The Bell Lab study suggests a significant improvement if the entire bandwidth on a given fiber is treated as one huge data pipe, much in the same manner as might be done with the WAN inside of a large business. This makes sense because there is always spare or unused capacity on each segment of the fiber’s bandwidth and putting it all together into one large pipe makes the spare capacity available. Currently Alcatel Lucent, Telefonica, and Deutsche Telekom are working on gear that will enable the concept.

Reducing Interference on Fiber. Researchers at University College London have developed a new set of techniques that reduce interference between different light wave frequencies on fiber. It is the accumulation of interference that requires optical repeaters to be placed on networks to refresh optical signals.

The research team took a fresh approach to how signals are generated onto fiber and pass the optical signals through a comb generator to create seven equidistantly-spaced and frequency-locked signals, each in the form of a 16 QAM super-channel. This reduces the number of different light signals on the fiber to these seven channels which drastically reduces the interference.

The results were spectacular and they were able to generate a signal that could travel without re-amplification for 5,890 kilometers, or 3,660 miles. This has immediate benefit for undersea cables since finding ways to repeat these signals is costly. But there are applications beyond long-haul fiber and the team is now looking at ways to use the dense super-channels for cable TV systems, cable modems, and Ethernet connections.

Faster Computer Chips. A research team at MIT has found a way to make multicore chips faster. Multicore chips contain more than one processor and are used today for intense computing needs in places like data centers and in supercomputers.

The improvement comes through the creation of a new scheduling technique they are calling CDCS (computation and data co-scheduling). This technique is a way to more efficiently distribute data flow and the timing of computations on the chips. The new algorithm they have developed allows data to be placed near to where calculations are performed, reducing the movement of data within the chip. This results in a 46% increase in computing capacity while also reducing power consumption by 36%. Consequently, this will reduce the need for cooling which is becoming a major concern and one of the biggest costs at data centers.

Faster Cellphones. Researchers at the University of Texas have found a way to double the speed at which cellphones and other wireless devices can send or receive data. The circuit they have developed will let the cellphone radio deploy in ‘full-duplex’ mode, meaning that the radio can make both send and receive signals at the same time.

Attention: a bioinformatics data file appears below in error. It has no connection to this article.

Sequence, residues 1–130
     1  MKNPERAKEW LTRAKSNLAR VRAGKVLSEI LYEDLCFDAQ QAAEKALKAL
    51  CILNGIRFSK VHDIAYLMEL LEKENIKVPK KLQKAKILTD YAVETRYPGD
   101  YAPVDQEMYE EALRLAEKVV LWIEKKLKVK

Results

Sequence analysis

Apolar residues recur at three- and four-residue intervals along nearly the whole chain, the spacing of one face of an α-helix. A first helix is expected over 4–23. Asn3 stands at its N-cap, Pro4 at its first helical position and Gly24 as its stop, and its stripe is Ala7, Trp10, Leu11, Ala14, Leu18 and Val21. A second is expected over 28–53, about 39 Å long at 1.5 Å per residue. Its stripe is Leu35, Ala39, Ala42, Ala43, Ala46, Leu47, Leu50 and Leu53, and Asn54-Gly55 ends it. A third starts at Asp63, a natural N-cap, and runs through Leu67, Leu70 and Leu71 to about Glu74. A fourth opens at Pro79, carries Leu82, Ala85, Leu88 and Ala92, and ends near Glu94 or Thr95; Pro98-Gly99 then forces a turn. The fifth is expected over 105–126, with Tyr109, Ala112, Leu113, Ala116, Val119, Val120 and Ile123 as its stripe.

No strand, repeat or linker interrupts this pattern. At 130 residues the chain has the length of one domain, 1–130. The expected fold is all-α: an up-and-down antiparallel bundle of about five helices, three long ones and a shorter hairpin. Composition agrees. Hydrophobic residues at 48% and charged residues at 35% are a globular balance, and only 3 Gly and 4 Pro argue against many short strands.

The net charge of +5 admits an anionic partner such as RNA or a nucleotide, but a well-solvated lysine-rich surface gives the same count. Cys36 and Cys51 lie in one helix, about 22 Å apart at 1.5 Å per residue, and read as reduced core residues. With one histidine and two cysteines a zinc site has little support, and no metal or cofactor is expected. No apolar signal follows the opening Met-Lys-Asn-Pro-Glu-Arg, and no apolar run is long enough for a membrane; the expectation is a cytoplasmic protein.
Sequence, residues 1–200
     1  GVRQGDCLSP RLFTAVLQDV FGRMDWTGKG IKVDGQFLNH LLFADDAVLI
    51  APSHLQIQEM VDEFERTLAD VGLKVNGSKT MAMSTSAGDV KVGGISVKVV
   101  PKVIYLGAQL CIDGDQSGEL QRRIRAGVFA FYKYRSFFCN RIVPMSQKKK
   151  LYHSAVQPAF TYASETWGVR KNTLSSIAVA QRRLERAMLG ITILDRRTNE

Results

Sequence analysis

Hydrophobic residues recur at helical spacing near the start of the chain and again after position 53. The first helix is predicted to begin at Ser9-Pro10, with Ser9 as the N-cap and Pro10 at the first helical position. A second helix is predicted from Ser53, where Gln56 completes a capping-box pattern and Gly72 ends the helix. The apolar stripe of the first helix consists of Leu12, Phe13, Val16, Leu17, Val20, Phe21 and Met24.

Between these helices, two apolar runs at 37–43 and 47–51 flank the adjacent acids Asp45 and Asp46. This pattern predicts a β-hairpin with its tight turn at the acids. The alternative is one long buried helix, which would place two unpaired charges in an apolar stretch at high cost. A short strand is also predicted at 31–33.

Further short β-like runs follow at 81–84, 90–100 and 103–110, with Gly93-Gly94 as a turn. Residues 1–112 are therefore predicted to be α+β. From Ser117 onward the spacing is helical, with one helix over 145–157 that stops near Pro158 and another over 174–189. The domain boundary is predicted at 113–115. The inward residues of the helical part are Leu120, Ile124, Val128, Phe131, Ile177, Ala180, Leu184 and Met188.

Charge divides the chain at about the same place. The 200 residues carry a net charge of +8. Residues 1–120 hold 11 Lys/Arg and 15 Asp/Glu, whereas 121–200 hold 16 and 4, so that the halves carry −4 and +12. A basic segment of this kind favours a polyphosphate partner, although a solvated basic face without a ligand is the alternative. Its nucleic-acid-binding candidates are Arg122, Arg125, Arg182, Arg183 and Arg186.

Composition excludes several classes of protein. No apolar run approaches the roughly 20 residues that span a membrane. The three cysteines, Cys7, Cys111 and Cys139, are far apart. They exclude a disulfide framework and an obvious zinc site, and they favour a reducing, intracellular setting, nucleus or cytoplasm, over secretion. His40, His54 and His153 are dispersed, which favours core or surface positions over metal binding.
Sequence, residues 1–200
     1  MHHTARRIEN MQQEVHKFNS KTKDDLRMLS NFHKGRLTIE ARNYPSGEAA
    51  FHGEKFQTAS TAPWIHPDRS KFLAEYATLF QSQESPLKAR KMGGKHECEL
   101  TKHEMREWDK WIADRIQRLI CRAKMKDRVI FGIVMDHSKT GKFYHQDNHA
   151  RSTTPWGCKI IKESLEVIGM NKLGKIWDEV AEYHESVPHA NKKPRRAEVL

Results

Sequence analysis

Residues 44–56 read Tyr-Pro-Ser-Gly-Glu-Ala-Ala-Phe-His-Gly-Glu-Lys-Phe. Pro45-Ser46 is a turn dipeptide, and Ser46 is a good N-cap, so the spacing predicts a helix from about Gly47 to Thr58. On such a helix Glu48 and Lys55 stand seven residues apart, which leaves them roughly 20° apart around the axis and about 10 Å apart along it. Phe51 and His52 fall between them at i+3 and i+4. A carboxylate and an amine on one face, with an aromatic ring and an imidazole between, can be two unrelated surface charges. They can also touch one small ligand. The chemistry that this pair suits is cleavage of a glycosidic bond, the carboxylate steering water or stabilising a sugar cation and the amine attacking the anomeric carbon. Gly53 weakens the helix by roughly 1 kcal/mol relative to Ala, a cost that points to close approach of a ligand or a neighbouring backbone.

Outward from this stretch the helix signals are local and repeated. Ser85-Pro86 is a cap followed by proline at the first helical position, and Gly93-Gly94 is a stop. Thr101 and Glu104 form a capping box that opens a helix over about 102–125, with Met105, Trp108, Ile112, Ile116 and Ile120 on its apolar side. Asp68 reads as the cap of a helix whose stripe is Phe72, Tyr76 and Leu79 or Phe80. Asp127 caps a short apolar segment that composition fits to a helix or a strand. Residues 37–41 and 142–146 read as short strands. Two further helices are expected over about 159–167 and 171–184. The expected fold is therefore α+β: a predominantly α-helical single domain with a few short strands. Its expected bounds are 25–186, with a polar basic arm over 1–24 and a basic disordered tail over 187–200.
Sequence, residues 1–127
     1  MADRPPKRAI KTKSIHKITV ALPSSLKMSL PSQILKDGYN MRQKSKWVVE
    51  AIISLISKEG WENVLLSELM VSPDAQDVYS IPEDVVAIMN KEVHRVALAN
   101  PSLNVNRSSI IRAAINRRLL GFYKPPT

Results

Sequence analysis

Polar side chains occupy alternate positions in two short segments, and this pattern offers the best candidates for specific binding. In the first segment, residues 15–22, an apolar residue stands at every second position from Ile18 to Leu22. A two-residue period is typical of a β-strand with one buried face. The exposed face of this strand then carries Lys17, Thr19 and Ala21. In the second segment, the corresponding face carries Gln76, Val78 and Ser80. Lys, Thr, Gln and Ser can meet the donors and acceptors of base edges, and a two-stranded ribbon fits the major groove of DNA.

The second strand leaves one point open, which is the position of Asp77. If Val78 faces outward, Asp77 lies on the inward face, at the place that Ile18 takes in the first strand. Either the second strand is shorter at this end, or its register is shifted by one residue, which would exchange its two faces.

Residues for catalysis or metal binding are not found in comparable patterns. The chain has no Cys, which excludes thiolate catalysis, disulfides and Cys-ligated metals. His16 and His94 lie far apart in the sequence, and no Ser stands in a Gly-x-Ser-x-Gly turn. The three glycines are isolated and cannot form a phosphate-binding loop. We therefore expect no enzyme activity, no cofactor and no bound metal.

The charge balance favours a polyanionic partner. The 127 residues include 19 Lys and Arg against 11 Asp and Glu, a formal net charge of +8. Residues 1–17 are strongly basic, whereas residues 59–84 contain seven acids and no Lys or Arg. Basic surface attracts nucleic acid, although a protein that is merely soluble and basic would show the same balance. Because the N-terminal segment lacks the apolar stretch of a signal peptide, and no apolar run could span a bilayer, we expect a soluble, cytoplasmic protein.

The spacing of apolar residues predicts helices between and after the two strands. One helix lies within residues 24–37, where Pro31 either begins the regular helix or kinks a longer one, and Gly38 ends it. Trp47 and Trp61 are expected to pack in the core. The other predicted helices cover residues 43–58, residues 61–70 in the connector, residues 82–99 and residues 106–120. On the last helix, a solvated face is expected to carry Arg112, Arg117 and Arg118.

Today a cellphone radio can do one or the other and your phone’s radio constantly flips between sending or receiving data. Radios have always done this so that the frequencies from the transmitting part of the phone, which are normally the stronger of the two signals, don’t interfere with and drown out the incoming signals.

The new circuit, which they are calling a circulator, can isolate the incoming and outgoing signals and acts as a filter to keep the two separate. Circulators have been is use for a long time in devices like radar, but they have required large, bulky magnets made from expensive rare earth metals. But the new circulator devised by the team does this same function using standard chip components.

This circulator is a tiny standalone device that can be added to any radio chip and it acts like a traffic manager to monitor and control the incoming and outgoing signals. This simple, new component is perfect for cellphones, but will benefit any two-way radio, such as WiFi routers. Since a lot of the power used in a cellphone goes to flipping between send and receive mode, this new technology ought to also provide a significant improvement to battery life.

Million-Fold Increase in Hard Drive Capacity? Researchers at the Naval Research Laboratory have developed a way to magnetize graphene, and this could lead to data storage devices with a million-time increase in storage per size of the device. Graphene is a 1-atom thick sheet of carbon which can be layered to make multi-dimensional stacked chips.

The scientists have been able to magnetize the graphene by sitting it on a layer of silicon and submerging it in a pool of cryogenic ammonia and lithium for about a minute. They then introduce hydrogen, which renders the graphene electromagnetic. The process is adjustable, and with an electron beam you can shave off hydrogen atoms and effectively write on the graphene chip. Today we already have terabyte flash drives. Anybody have a need for an exabyte flash drive?